From my house in Bari I can see my house in Beirut.
With all these concrete blocks of apartments intertwined.The windows with striped curtains.
I was born here on the Mediterranean. In southern Italy you are told that on cloudless days the gray haze you see on the horizon when you look out over the sea is actually Greece. That is what the word itself tells, after all: the Mediterranean – the sea between the countries. The sea that does not divide, but unites. The sea which is not just geography but philosophy. The sea as a metaphor.
A challenge for individualism and liberalism.
In 1989, the end of the Cold War was considered to be the end of history and the beginning of globalization, a united world led by the United States through the cultural and political supremacy of the great power. But then came 2001. With 9/11. We were reminded that the world is bigger than ours – that there are still many different worlds. If you want to fight fundamentalism, you have to start with your own world, with your own free trade fundamentalism.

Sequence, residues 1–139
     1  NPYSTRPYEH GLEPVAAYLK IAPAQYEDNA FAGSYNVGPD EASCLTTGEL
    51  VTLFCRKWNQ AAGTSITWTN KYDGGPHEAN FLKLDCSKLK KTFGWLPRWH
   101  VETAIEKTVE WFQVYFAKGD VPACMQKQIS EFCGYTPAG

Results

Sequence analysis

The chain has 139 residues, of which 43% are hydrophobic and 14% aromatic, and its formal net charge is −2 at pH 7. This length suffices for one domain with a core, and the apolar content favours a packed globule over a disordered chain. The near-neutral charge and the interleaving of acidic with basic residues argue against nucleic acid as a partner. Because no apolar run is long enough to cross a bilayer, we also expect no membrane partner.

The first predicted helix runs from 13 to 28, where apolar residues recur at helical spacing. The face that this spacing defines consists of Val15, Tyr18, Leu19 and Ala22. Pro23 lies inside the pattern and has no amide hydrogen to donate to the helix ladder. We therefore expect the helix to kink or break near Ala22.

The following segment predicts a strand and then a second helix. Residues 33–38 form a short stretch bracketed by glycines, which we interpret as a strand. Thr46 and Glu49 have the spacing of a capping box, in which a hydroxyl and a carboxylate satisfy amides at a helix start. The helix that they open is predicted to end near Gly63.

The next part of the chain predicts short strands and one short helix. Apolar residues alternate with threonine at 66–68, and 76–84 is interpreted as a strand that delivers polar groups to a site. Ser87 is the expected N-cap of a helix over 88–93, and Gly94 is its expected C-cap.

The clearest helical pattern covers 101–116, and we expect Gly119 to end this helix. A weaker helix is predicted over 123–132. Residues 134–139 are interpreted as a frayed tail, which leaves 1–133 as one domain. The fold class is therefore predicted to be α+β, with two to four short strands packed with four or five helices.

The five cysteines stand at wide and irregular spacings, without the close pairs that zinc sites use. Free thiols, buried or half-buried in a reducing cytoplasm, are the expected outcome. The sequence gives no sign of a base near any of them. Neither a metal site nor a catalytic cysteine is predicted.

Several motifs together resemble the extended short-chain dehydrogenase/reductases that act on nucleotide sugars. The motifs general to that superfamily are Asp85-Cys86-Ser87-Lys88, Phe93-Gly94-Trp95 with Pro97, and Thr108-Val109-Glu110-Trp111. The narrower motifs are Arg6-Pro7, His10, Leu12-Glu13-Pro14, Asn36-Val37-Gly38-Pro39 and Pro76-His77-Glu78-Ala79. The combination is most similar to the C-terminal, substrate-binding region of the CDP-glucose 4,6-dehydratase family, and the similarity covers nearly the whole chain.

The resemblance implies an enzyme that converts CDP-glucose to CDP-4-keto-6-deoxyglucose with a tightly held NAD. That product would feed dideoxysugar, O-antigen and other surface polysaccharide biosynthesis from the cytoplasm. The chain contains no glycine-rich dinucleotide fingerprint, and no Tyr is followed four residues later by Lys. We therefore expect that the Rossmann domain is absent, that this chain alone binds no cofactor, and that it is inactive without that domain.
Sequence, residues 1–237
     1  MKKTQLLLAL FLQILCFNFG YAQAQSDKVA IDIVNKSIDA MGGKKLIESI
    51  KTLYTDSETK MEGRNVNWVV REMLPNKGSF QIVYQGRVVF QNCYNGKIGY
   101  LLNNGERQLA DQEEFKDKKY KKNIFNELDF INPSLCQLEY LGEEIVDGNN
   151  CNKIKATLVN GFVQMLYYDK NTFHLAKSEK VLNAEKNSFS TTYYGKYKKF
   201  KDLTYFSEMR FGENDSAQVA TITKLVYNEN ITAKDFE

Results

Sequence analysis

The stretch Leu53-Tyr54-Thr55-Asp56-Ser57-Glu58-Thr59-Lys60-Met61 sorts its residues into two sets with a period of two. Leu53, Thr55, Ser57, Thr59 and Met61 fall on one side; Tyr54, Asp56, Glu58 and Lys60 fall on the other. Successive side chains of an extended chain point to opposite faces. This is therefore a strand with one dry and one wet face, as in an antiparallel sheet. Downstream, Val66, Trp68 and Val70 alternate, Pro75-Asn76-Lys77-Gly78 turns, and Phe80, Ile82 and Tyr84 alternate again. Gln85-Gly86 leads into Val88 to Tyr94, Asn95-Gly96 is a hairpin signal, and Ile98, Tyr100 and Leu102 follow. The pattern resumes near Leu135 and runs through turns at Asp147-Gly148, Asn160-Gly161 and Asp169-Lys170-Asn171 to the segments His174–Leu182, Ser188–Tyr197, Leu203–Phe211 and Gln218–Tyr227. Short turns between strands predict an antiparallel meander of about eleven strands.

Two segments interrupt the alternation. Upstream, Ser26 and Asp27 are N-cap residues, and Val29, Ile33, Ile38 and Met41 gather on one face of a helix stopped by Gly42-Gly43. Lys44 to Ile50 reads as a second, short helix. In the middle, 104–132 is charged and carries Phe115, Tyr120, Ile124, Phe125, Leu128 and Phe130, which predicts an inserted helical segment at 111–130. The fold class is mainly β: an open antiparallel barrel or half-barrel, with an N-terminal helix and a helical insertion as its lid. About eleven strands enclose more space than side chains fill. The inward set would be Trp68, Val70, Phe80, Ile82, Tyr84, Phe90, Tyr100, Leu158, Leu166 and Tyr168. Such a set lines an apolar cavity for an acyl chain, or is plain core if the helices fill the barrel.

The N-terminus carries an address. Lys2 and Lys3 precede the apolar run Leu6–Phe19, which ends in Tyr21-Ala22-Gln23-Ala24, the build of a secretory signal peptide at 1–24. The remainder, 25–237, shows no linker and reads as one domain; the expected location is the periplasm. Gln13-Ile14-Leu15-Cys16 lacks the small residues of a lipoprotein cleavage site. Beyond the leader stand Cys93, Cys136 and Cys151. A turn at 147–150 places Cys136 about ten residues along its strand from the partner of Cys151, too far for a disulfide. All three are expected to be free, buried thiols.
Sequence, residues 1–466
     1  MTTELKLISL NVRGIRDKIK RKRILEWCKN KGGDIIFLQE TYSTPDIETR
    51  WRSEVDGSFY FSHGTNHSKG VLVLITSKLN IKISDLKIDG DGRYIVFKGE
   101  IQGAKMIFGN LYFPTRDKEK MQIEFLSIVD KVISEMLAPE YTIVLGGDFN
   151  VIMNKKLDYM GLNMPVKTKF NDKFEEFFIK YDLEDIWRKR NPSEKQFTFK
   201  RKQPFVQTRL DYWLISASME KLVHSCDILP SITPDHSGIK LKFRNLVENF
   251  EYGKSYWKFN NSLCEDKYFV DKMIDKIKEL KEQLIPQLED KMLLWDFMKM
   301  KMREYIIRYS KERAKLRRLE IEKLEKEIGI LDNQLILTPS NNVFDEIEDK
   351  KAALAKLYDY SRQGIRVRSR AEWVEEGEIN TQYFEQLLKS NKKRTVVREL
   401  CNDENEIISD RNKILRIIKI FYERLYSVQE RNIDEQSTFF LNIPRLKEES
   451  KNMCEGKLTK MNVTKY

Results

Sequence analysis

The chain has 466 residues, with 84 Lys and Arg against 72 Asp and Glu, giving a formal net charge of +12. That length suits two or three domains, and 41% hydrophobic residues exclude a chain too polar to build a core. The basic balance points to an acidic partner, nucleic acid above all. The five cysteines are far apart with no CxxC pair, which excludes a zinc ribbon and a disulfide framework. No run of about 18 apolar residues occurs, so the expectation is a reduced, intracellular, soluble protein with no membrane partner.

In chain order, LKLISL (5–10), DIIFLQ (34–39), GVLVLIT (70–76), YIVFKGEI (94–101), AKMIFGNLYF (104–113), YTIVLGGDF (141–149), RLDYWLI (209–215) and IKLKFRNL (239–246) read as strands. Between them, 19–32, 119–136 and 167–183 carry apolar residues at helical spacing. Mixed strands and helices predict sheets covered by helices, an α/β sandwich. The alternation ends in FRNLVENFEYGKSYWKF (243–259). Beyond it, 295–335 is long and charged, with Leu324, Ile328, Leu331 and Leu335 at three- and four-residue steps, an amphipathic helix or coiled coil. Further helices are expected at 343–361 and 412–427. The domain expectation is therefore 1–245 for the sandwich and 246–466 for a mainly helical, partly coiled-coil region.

At that time, the Arab world was only our gas station.
Who in 2001 had any idea what a hijab was? Or what a muezzin was?
Our world accommodated only the West, and nothing else.
I grew up in a Europe by the Mediterranean, an ocean that pretended to be an alternative to the Atlantic, an area with a rich history filled with expeditions and conquerors. I grew up with a sea of fishermen rather than pirates, a sea where leaves washed up on the beach are perceived as a trace of other people, where a border does not mean the world ends, but where differences meet and relationships become real and complicated.
An ocean that always teaches you to agree a little in the opponent's perspective.
This area around the Mediterranean, where we are all a bit similar.
As in all other cities
In every city it is always like in every other city. If you come to Bari, you will see a beach with sand and gravel similar to Croatia, with glassy, shallow water. At sunset, in the light of the beach promenade cast iron lanterns, the street vendors walk around with mussels just like in Istanbul. In the background are colorful boats, as on a postcard from Morocco.
These are the same voices.
. . .
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